The mishna says that if the lender sends his animal in the hands of his messenger or son, if the borrower didn't tell him to send it in the hands of that person, the borrower isn't responsible until he actually receives it. But if the borrower told the lender to send it in the hands of the lender's son or messenger, as soon as it leaves the reshus of the lender, the borrower assumes full responsibility for it. Clearly, the mishna considers even the "shliach" of the lender, who the borrower never even spoke to, to be a shliach of the borrower so that the borrower assumes responsibility as soon as it leaves the jurisdiction of the lender. Through what mechanism does this "shliach" of the lender, turn into the shliach of the borrower? The Ritva suggests 2 possibilities: 1. Although normally that concept of זכין לאדם שלא בפניו only applies to a zechus, not a chov. Here, where the borrower says to send it, he is agreeing to assume responsibility immediately. Therefore, we would say חבין לאדם שלא בפניו מדעתו - meaning that with the consent of the individual we can allow zechiya even for something which is a chov. 2. It is working using a similar concept as "omer imru" (6th perek of gittin - the ritva himself doesn't make the connection but this is how i understand what he means). Reuven can tell Shimon to tell Levi to serve as Reuven's agent, therefore the borrower tells the lender to have the "shliach" serve as the shliach of the borrower.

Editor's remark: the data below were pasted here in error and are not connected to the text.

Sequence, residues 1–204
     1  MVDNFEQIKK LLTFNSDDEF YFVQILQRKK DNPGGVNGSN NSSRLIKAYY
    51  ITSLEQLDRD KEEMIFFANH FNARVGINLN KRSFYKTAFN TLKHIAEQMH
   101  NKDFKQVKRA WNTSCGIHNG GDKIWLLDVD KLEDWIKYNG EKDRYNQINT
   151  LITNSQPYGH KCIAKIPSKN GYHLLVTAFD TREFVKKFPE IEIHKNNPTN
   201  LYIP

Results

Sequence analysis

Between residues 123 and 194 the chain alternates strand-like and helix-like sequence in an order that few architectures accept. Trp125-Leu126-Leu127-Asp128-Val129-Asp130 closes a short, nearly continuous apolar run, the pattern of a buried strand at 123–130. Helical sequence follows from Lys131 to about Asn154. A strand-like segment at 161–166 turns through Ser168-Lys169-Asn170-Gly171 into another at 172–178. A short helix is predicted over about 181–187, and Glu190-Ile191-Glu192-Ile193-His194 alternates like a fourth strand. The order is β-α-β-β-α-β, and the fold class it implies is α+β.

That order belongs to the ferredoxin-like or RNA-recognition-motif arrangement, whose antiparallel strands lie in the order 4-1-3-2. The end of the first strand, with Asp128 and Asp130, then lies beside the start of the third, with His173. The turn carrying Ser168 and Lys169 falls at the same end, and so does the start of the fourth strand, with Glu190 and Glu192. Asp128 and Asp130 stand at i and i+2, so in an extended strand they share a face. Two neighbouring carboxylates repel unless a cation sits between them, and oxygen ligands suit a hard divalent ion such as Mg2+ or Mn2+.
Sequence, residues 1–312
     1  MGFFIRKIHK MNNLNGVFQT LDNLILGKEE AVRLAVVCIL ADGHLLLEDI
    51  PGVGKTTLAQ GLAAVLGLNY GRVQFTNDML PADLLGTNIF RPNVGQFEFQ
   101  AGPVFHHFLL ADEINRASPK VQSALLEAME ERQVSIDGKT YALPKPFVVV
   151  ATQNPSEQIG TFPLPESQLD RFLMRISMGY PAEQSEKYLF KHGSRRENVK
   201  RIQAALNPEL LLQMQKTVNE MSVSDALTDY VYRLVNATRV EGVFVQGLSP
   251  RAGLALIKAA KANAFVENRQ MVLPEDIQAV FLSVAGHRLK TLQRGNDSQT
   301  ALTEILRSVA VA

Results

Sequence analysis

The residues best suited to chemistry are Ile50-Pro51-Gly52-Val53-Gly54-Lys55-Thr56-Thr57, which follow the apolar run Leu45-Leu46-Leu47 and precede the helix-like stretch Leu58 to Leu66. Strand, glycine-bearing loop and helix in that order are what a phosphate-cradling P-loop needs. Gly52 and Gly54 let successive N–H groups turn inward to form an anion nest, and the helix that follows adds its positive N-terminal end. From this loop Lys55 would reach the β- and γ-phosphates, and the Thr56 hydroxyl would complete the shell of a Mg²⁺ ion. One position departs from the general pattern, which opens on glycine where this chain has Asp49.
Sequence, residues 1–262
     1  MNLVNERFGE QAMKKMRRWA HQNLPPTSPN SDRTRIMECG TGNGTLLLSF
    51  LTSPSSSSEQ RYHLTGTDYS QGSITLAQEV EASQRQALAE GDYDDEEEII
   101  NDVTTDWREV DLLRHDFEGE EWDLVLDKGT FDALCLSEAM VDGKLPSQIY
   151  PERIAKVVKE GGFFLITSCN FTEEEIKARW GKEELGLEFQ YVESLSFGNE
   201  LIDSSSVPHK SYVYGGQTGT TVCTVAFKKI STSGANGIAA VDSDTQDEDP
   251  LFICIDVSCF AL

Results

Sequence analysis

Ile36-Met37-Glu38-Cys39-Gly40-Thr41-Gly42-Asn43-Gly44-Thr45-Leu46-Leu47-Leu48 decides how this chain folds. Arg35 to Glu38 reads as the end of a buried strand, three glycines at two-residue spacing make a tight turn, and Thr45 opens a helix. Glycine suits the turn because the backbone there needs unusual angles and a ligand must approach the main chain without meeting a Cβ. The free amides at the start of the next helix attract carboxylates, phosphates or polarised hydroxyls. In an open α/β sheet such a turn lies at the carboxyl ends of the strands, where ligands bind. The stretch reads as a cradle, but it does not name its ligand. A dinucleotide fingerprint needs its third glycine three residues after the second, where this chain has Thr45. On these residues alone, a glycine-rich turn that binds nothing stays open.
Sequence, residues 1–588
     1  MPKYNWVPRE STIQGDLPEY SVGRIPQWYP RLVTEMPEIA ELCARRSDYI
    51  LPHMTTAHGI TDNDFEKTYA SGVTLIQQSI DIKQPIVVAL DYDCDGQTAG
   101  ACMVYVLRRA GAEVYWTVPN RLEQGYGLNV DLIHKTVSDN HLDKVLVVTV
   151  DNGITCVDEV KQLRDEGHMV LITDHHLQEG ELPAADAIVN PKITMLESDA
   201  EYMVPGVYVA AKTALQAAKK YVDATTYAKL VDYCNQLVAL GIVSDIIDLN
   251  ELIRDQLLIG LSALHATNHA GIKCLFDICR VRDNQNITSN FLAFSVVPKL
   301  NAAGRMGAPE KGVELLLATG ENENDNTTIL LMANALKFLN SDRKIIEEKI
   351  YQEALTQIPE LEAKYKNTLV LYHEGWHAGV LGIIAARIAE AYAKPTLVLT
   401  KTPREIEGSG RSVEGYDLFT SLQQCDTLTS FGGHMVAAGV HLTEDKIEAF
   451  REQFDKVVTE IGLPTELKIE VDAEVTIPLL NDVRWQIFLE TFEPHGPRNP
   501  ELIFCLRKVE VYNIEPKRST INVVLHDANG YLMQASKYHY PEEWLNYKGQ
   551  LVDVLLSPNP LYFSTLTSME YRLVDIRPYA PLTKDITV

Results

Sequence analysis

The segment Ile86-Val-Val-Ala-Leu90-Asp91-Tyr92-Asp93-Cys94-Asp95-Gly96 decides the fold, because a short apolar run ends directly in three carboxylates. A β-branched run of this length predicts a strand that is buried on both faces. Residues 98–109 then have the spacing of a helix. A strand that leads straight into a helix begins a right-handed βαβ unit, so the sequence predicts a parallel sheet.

The gemara discusses how the non-jewish eved of the lender can serve as the shliach of the borrower. Tosafos raises a question based on the gemara 96a that a slave can fill his master's shoes to consider it a case of שאלה בבעלים, so when the lender sends his eved we should exempt the sho'el due to שאלה בבעלים. Tosafos (and Ritva) explain that the case on 96a where the gemara discusses whether a shliach of the lender and the slave of the lender qualify as שאלה בבעלים, is only when the initial agreement is that the lender himself should work for the borrower, but decides to send his agent or eved in his place. But, if the initial agreement between the borrower and sender is to send the animal in the hand of the eved, it is not שאלה בבעלים, rather it is like borrowing 2 cows (cow + eved). The Ritva is bothered according to the second approach, under what circumstances would we consider the eved to be working for the sender and therefore creating a case of שאלה בבעלים to exempt the borrower, and when do we consider him a shliach of the borrower? The Ritva says that if the lender forces his eved to go, against the will of the eved, he is clearly working for the owner (who is accepting an obligation to work for the borrower) thereby creating a case of שאלה בבעלים. The eved can't be working for the borrower against his will, because the borrower doesn't have the power to force the eved of the lender to work. But, if the eved is given a choice, and on his own agrees to the masters request (when the master says that the borrower asked me to ask you to bring him the cow), the eved becomes an agent of the borrower to make the borrower responsible immediately and it is not שאלה בבעלים.